Chicago has developed a reputation for housing some of the most immersive and creative pop-up bars in the country. Despite that local quirk, Dan Levy, co-creator and co-star on award-winning sitcom Schitt’s Creek, in February was not amused by an unlicensed “Schitt Happens” tribute event at Replay Lincoln Park. Levy wrote on social media at the time that while he appreciates fans’s enthusiasm for the show, the unsanctioned pop-up could put patrons at risk of contracting COVID-19 and that rumors of cast attendance were untrue. Replay owner Mark Kwiatkowski didn’t discuss the incident with Eater, but someone claiming to work for the bar wrote in a since-deleted tweet that ownership was working with show’s production company to find some kind of solution.
In April, Michelin Guide released its first updated ranking since the pandemic began, featuring three new additions to its list of 24 restaurants: Ever, chef Curtis Duffy’s expensive comeback coup in Fulton Market (two stars); the Bar and the Dining Room at Moody Tongue, a fine-dining venture from a Chicago brewery on the Near South Side (two stars); and Porto, an upscale Spanish and Galician seafood wonderland in West Town (one star).
9) Chicago Sues Grubhub and DoorDash for Allegedly Scamming Basically Everyone: Restaurants, Drivers, and Customers
It turns out that Phil Foss’s comments on big delivery brands spoke for a lot of Chicago restaurant owners, who nearly universally celebrated in August when the city of Chicago filed separate lawsuits against Grubhub and DoorDash over allegations of deceptive and predatory practices. Claims against the companies ran the gamut, including the creation of fake restaurant websites that redirect patrons to the delivery platform, the use of telephone routing numbers to charge commission on phone calls that didn’t result in orders, and the use of bait-and-switch tactics that misrepresent fees to customers. The lawsuit asked for $2,000 to $10,000 for every offense or party harmed.
Laughs have, for many, been in short supply this year, which could explain why Twitter users in February took such merriment in an error-ridden tweet from ABC 7 Chicago about Harold’s Chicken Shack, the local fried chicken chain with big cultural cache. Things started out well enough: “Harold’s Chicken just turned 70!” But, unfortunately, it didn’t stop there. “They specialize in hot sauce on the bird after frying. They have more than 40 locations, including other states.” To Chicago diners, the mistake was glaring. Harold’s (and other area chicken shacks) is known for mild sauce, a Windy City invention that’s usually composed of barbecue sauce, ketchup, and hot sauces. The tweet was later deleted, but had already accomplished the seemingly impossible task of uniting Twitter-using Chicagoans against condiment slander.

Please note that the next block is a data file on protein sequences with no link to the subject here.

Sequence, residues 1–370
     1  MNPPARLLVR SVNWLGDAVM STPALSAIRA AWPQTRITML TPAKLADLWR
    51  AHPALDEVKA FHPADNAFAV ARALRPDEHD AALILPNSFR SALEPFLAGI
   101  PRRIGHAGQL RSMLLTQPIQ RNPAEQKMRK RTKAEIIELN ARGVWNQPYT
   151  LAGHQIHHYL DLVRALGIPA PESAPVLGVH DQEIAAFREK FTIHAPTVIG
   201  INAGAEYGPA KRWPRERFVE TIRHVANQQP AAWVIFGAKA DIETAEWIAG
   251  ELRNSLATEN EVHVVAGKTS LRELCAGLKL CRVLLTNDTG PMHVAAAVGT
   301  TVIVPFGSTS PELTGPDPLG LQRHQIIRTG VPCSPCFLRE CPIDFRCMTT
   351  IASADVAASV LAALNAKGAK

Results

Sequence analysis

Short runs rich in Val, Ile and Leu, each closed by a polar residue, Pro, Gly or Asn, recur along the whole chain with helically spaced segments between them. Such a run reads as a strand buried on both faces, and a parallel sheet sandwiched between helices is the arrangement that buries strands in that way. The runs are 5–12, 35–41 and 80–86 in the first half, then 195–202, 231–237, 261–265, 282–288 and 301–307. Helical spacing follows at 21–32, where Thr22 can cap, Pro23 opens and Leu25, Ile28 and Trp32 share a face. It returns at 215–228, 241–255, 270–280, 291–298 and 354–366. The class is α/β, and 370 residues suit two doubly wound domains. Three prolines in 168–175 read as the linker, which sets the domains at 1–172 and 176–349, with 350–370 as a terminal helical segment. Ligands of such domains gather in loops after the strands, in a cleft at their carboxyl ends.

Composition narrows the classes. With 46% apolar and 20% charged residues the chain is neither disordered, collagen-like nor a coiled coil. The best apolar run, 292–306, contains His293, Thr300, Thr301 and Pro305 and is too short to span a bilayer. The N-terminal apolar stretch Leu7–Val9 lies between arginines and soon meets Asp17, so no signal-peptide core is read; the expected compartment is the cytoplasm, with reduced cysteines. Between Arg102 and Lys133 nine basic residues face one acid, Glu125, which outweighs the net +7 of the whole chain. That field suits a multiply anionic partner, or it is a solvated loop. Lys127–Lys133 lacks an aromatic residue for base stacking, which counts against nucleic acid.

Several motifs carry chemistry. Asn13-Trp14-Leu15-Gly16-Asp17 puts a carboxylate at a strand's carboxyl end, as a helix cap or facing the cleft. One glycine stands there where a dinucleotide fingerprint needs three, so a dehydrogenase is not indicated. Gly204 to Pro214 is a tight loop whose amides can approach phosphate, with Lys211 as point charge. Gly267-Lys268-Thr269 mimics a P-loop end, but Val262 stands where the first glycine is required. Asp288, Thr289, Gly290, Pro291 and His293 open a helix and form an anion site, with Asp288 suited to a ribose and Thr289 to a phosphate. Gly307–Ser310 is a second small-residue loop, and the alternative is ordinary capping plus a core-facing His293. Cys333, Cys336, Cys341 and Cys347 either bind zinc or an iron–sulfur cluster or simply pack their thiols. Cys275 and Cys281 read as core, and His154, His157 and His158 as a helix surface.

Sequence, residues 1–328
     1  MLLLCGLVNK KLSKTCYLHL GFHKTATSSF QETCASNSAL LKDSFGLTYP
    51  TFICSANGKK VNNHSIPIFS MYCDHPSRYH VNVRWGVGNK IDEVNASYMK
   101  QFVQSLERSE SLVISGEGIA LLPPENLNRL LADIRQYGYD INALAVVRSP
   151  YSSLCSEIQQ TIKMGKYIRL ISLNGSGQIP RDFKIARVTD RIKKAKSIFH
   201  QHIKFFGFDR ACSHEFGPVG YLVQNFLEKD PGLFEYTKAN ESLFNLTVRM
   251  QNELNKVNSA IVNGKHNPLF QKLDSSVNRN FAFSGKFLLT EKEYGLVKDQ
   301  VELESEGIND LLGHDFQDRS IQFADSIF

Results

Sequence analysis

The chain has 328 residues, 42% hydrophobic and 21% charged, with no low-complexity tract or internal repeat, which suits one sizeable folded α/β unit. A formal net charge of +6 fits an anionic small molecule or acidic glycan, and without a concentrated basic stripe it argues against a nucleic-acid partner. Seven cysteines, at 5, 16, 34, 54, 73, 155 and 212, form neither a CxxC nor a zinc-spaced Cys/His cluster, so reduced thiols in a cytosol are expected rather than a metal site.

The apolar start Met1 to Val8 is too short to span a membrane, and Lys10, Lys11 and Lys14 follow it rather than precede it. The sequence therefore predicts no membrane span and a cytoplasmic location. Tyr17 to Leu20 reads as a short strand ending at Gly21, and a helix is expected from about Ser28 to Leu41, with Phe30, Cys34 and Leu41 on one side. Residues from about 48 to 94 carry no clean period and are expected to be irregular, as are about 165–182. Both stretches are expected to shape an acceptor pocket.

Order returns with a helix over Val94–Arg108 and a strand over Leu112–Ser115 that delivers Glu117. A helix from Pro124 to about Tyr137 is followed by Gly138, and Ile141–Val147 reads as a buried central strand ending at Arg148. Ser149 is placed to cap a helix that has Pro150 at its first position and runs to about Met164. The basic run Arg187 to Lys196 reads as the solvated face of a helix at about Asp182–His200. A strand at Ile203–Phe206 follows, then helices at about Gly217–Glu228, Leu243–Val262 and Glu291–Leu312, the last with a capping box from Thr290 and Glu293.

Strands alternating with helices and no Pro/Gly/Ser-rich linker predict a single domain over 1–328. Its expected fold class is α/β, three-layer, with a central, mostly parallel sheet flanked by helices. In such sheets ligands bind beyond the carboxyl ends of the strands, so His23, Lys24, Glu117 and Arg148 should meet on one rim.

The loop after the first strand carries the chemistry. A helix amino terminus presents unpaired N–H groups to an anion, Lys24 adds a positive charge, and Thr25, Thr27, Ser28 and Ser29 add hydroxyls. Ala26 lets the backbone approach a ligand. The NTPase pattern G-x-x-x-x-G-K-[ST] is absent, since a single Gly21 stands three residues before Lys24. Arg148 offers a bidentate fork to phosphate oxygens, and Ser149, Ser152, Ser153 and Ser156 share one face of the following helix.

Bob Mariano may have sold his eponymous grocery chain years ago, but Chicago residents haven’t lost interest in his ventures. That name recognition may have spurred extra interest when in June he and co-owners launched Dom’s Kitchen & Market, an upscale grocer with on-site food stalls for dine-in customers. Operators are hopeful that locals will embrace the concept, aiming to open 25 locations in the Chicago area and beyond.
Celebrity-fronted restaurants, virtual and physical, have of late seen a mini boom throughout the country, with famous faces like Eminem and Danny Trejo hawking spaghetti, tacos, and more. The Chicago suburbs got their own special delivery in March, straight from the mayor of Flavortown himself — Guy Fieri, host of Diners, Drive-Ins, and Dives, opened three virtual outposts in Lombard, Wheeling, and Orland Park, touting a gastric carnival of a menu starring cheesesteak egg rolls, bacon-wrapped jalapeños, and fried pickles with ranch dressing.